They came in droves and braved the cold weather just to show solidarity with Ukraine. They shouted “Putin, go to hell.” They pleaded with Canada to ban Russian propaganda. And they expressed pride and support of brave Ukrainians.
Hundreds, possibly thousands of people descended on downtown Toronto streets Sunday afternoon in a peaceful demonstration to denounce the ongoing Russian attack on the eastern European country.
The mega march was organized by the Ukrainian Canadian Congress Toronto branch in an effort to publicly express support for Ukraine. Similar demonstrations have been taking place in various communities in Canada and across the world — including inside Russia.
Starting at Yonge-Dundas Square and snaking for several blocks all the way to Nathan Phillips Square, the rally brought together many demonstrators who were wrapped in Ukrainian flags while others waved the yellow and blue flags. Some Canadian flags could also be seen. At the rhythm of loud drums, chants of “stand with Ukraine,” “walk with Ukraine” and “sanction Putin” broke out in the crowd.
Toronto mayor John Tory attended the demonstration, and said Sunday’s rally won’t be the last as the city joins the rest of the world in saying “no to this kind of oppression.”
“The people of Toronto stand with Ukraine. This is a big atrocity and it’s time to stand up and say no,” said Tory.
Hundreds of thousands of civilians have been leaving Ukraine and seeking refuge in neighbouring countries since Russian troops started dropping mortars and shelling cities across the country earlier this week.
Ukraine officials say more than 200 people have been killed so far in the conflict, and many others injured.
Peter Schturyn, president of Ukrainian Canadian Congress Toronto, said the entire world must unite in the fight against Russian aggression.
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“Ukrainians have been saying from the very beginning, this is not a Ukrainian issue, this is the world issue,” he said, noting that “Putin and his henchmen” are “a threat to the civilized world.”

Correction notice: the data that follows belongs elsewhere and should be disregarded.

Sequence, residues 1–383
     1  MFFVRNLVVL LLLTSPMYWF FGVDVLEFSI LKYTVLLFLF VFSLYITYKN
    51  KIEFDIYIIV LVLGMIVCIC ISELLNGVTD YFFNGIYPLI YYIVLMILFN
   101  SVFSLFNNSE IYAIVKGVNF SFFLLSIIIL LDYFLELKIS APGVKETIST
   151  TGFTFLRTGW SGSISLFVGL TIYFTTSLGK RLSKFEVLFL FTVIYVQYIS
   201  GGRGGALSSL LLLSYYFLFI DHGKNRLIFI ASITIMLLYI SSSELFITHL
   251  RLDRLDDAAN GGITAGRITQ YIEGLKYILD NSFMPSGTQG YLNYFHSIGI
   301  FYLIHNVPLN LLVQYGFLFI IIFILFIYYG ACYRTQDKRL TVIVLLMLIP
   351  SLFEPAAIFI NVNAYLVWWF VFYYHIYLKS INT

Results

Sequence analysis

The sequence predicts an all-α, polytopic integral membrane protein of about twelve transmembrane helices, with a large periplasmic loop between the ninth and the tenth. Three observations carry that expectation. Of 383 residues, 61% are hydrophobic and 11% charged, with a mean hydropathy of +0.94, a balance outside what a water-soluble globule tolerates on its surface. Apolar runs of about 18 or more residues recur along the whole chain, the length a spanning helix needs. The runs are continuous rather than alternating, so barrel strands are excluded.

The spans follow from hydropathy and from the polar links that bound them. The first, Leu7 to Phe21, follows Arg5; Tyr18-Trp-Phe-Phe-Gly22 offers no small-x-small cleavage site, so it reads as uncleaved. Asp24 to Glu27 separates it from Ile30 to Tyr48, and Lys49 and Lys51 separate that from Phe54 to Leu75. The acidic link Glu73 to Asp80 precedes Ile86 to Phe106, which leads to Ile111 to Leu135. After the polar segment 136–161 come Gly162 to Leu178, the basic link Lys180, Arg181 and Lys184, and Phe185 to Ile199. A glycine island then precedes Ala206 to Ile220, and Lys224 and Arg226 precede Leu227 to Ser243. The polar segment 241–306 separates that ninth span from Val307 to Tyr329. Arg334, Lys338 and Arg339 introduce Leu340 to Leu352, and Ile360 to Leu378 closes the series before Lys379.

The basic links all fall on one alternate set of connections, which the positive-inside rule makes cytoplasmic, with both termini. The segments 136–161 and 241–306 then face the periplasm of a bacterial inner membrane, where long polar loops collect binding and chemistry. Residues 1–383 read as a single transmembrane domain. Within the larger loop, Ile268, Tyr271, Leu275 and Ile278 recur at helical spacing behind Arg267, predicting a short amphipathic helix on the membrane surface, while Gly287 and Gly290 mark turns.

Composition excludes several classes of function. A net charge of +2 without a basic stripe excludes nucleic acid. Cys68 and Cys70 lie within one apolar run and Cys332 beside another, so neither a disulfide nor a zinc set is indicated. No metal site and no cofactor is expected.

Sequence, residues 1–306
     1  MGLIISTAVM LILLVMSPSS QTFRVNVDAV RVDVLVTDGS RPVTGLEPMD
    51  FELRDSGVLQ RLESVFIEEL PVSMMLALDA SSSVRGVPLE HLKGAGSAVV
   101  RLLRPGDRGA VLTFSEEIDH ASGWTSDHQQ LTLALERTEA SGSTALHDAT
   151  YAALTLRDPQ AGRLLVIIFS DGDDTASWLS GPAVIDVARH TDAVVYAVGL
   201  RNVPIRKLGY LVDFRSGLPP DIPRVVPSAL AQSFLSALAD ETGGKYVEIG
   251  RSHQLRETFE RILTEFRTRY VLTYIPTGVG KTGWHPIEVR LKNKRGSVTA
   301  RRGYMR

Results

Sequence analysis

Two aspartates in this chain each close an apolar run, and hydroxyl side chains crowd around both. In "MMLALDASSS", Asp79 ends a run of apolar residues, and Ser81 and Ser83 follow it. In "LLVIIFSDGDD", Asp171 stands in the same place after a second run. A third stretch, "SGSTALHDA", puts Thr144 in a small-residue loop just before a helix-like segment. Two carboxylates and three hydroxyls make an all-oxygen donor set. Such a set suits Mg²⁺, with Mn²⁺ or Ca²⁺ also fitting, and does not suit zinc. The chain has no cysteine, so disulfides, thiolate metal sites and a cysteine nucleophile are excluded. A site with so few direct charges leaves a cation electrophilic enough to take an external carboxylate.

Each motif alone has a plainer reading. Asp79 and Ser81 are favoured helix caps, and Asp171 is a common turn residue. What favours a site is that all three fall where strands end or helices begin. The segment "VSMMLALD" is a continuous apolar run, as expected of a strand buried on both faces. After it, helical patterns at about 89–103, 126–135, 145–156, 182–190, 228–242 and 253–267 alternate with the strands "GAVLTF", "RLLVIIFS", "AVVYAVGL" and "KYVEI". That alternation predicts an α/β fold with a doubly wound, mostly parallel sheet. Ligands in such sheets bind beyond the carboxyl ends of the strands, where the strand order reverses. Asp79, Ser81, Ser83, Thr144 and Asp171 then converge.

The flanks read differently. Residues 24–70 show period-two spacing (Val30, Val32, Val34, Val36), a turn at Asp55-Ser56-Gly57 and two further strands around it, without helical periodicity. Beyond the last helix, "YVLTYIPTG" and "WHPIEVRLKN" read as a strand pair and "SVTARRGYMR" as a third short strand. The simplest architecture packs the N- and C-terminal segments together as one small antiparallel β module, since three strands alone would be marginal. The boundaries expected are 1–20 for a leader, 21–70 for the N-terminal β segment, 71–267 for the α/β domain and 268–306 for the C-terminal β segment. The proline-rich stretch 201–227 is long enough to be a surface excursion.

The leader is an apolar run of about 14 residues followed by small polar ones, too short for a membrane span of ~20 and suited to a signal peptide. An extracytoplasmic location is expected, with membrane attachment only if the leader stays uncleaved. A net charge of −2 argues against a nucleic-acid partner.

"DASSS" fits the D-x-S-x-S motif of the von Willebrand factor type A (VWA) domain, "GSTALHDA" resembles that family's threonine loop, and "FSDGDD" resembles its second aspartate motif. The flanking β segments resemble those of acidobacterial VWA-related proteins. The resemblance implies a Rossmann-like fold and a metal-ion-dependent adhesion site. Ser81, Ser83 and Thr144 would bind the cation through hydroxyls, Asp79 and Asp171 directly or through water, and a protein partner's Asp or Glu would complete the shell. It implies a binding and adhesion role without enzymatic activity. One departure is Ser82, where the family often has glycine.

Canada is home to nearly 1.5 million people of Ukrainian origin.
Tensions continue to rise between Russia and NATO countries since the attack was launched. Canada is among the countries that have now closed off its air space for Russian planes. The country has also been cut off from the SWIFT program.
News emerged Sunday that, apparently in response to these sanctions, Putin had ordered his nuclear forces to be “on high alert,” a move that increases the fear that the crisis could become much larger.
As the large rally congregated in Nathan Phillips Square, around a handful of people skating on city’s ice, deputy Prime Minister Chrystia Freeland attracted the loudest cheers as she addressed people in Ukrainian. She said the West is united and “relentless” in its action against Putin, and that Canada will continue to support President Volodymyr Zelenskyy and his country.
“The Ukrainians are making such a brave stand. We should let people of Ukraine know how much we admire them,” she said. “I bow my head to their courage, to their resilience.”
Addressing the crowd, Manitoba Conservative MP James Bezan urged Canada and the world to take concrete action against Russia. He said it’s time for Canada to expel the Russian ambassador, and for the United Nations to do the same. He called for CRTC to ban television station Russia Today, qualifying it as a propaganda machine for Putin and his government. And he urged Canada to lead humanitarian efforts by hosting refugees of this crisis.
“Make it visa-free” for people to travel from Ukraine to Canada, he said.
Gilbert Ngabo is a Toronto-based crime reporter for the Star. Follow him on Twitter: @dugilbo
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